PREZZO provided excellent food, but eleven of us were pressed around small tables placed together, which could really only have provided comfort for eight. My meal was a very spicy calzone which, with a glass of house red wine, despite the squash, I did enjoy. Service was friendly, but it was such a peak time, and the waiting staff had so little space in which to manoeuvre that they were fighting against the odds, and delivery of the food was rather slow.

The Grand DukeThe Godalming Operatic Society, conducted by Pat O’Connell, is a very accomplished amateur company, and in their production of The Grand Duke, they excelled themselves. The Gilbert & Sullivan operetta is so rarely performed that the cast were able to use a professional set of costumes that had only been used once before. This splendid apparel was complemented by superb sets. The choreography was outstanding and the ensemble performances stunning. There are a number of very good voices, and some wonderful actors in the society. They were all on excellent form. The many comic turns were delightful, and, although we were aware that the Director had tightened up the piece, I wondered why the work was not more popular. I have to confess that sometimes, at the theatre, I find myself checking my watch to see how much longer we have. I did not do this once last night.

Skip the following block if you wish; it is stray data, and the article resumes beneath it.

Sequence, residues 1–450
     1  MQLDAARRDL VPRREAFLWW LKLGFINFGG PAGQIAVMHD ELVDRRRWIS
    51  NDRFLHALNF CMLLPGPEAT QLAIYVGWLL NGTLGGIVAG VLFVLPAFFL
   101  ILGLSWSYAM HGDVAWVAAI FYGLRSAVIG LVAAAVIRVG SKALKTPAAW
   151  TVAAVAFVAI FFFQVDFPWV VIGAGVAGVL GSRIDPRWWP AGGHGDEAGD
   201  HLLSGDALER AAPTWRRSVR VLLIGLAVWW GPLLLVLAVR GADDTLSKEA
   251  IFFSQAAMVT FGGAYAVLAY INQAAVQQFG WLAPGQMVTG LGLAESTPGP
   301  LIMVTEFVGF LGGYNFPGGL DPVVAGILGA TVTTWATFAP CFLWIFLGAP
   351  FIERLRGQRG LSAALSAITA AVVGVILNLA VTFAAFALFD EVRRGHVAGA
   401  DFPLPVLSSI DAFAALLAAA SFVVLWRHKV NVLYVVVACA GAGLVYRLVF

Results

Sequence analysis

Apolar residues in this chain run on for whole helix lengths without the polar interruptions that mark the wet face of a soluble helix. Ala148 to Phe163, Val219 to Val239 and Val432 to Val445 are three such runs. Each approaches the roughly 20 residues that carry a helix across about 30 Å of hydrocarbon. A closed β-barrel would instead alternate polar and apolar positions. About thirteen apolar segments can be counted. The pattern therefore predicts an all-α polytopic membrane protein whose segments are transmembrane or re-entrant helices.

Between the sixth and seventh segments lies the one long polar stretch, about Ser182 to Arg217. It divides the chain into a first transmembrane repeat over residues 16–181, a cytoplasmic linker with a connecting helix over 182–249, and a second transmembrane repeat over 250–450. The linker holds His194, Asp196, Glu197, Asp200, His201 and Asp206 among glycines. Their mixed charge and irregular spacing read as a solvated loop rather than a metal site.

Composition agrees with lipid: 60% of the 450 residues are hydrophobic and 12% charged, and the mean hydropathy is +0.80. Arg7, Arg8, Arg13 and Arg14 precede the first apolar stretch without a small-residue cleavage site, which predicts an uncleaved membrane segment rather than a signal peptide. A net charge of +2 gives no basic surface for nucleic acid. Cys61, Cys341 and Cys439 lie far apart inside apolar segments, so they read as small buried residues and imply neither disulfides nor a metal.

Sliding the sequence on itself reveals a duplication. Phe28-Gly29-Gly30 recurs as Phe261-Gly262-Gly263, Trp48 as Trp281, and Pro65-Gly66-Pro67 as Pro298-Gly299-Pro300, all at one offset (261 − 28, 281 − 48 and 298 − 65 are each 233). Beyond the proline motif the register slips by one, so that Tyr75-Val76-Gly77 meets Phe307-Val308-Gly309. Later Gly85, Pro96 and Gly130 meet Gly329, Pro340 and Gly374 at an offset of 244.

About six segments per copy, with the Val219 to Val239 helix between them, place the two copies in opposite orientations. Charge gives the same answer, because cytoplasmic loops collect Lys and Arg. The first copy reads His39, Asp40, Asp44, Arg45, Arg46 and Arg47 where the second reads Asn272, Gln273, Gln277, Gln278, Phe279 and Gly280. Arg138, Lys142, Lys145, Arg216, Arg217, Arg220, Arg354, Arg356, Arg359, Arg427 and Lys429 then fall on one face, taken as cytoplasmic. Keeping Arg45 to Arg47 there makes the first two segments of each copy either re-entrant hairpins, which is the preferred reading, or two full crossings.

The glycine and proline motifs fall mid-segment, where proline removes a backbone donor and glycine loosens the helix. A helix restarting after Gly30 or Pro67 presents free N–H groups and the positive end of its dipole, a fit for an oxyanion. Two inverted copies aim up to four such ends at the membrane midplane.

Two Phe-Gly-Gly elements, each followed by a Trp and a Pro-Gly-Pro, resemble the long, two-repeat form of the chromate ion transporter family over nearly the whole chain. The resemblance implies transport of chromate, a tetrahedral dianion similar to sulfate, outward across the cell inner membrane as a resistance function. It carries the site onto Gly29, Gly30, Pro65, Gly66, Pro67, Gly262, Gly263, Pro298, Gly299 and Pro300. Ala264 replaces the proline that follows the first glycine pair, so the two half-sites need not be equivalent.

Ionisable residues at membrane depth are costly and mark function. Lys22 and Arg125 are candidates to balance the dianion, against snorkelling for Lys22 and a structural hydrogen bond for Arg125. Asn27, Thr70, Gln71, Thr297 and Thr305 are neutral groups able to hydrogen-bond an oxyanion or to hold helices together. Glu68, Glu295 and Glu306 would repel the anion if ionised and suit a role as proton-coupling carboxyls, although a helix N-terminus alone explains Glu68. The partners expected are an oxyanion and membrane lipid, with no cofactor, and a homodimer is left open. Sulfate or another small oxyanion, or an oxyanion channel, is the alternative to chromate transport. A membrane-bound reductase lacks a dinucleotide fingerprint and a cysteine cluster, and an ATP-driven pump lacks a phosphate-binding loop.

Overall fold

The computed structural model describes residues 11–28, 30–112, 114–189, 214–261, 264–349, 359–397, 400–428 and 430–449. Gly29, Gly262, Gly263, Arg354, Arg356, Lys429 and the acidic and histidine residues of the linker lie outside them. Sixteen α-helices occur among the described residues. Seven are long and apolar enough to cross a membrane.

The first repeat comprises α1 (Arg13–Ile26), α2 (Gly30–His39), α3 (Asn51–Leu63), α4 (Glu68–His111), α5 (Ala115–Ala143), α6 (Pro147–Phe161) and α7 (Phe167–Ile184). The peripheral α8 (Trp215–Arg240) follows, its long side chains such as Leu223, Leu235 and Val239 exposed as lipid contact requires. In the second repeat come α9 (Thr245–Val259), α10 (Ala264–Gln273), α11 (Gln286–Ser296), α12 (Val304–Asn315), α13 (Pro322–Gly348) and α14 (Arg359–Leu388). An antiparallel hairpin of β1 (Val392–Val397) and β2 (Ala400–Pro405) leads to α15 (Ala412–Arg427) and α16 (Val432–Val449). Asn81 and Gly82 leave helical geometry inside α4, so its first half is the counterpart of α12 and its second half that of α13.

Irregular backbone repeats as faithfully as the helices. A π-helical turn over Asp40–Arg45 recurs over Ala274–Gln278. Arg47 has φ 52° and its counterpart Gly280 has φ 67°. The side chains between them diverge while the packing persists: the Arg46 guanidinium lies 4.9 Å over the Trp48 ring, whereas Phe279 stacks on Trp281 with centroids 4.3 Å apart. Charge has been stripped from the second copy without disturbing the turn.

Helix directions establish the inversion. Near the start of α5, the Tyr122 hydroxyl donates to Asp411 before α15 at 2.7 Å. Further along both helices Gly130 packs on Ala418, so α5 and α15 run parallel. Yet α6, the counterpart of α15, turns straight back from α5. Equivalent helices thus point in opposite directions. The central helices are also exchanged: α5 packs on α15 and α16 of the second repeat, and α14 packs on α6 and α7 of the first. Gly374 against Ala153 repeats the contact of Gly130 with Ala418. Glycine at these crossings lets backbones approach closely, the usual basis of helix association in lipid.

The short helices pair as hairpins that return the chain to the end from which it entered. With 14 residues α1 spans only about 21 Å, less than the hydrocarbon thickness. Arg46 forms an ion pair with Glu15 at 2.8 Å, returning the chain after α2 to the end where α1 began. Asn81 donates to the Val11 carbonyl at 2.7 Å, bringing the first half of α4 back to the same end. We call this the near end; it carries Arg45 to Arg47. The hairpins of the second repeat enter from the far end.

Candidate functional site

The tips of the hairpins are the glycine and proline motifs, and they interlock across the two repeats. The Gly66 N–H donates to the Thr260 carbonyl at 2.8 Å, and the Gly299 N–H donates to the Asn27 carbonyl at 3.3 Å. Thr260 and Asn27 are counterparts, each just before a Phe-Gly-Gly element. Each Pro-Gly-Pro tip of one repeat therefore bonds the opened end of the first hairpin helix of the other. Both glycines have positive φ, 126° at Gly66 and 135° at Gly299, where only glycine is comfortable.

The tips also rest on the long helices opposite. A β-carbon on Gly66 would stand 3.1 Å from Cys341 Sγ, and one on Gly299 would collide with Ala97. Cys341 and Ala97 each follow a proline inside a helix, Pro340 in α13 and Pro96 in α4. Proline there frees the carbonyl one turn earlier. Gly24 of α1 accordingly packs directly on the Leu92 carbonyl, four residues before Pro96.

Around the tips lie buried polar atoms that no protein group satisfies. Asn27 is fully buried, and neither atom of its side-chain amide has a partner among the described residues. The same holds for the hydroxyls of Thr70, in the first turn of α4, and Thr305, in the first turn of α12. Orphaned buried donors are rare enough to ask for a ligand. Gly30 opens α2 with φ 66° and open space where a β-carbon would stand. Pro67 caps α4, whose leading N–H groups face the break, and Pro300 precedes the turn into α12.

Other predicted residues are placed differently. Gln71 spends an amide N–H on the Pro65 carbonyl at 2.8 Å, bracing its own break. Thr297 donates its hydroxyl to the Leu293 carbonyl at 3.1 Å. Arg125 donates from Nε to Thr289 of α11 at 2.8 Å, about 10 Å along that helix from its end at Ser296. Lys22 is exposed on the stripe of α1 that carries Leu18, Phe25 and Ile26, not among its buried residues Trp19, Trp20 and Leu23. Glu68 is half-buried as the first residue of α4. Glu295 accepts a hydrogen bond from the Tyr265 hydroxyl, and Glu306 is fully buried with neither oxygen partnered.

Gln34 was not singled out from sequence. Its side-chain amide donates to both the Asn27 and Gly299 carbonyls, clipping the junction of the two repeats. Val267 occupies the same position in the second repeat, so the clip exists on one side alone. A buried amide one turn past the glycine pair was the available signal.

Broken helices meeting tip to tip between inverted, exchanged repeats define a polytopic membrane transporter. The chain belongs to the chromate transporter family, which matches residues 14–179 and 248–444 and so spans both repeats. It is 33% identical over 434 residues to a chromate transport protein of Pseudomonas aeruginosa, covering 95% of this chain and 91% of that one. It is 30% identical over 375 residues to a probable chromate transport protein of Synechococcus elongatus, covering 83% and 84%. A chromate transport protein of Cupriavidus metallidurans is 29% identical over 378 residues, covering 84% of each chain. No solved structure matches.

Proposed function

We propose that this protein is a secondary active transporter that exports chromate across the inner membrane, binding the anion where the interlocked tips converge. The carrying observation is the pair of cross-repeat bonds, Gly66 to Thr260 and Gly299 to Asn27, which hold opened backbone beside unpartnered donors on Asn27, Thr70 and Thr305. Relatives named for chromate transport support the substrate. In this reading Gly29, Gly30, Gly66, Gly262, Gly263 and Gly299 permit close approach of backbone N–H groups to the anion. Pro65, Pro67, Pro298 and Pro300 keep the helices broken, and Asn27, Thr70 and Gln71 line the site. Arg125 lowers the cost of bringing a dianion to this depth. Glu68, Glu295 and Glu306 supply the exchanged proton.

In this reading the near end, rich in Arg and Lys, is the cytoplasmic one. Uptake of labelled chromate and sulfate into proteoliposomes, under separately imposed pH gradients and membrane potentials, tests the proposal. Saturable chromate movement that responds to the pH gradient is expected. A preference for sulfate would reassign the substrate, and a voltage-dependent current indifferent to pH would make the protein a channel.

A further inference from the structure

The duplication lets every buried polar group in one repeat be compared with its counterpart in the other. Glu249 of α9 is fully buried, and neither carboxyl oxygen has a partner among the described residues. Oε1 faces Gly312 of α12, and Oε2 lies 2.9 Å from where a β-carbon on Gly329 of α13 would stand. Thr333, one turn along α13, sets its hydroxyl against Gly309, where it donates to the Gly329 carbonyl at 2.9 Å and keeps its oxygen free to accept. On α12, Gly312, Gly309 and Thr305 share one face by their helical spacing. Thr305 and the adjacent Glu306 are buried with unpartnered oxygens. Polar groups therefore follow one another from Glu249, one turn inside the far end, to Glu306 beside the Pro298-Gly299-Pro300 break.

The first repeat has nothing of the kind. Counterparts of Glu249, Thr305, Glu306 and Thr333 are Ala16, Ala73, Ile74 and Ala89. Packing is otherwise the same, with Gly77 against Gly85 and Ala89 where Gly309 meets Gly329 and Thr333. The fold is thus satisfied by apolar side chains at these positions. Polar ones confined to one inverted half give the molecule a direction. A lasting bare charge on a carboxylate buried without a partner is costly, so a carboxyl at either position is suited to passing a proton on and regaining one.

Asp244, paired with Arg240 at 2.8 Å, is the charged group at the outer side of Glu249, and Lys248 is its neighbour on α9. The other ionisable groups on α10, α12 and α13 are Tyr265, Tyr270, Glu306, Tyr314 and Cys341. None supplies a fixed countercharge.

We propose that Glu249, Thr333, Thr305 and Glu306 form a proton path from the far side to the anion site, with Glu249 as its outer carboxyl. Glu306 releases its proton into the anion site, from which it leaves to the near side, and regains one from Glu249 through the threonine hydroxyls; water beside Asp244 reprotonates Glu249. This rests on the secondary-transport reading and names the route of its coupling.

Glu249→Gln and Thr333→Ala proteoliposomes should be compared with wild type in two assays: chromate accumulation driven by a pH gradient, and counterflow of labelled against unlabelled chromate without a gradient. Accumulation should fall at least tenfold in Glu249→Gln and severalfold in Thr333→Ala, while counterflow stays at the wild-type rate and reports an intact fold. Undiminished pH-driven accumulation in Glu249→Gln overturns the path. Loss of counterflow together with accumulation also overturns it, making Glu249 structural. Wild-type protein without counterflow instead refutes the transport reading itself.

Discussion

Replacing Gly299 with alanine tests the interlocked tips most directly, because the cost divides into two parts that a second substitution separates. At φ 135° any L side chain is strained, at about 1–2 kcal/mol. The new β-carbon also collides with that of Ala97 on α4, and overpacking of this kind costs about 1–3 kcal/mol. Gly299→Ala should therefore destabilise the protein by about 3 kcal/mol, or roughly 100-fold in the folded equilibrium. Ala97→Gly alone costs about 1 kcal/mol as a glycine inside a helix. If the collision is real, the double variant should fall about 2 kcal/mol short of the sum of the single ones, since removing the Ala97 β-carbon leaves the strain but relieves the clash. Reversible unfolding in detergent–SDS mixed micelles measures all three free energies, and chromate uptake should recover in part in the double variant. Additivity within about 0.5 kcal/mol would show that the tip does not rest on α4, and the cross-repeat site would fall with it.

During a convivial drink at the bar afterwards, I turned the power back on the phone. It was working. Shelly rang my number just to check all was well. It did not ring on my new phone, but went to voicemail, obviously still on my broken phone, left at home. I then rang Jackie’s mobile. What showed on her screen was the number that O2 had transferred erroneously and were meant to have corrected. I did my best to remain calm.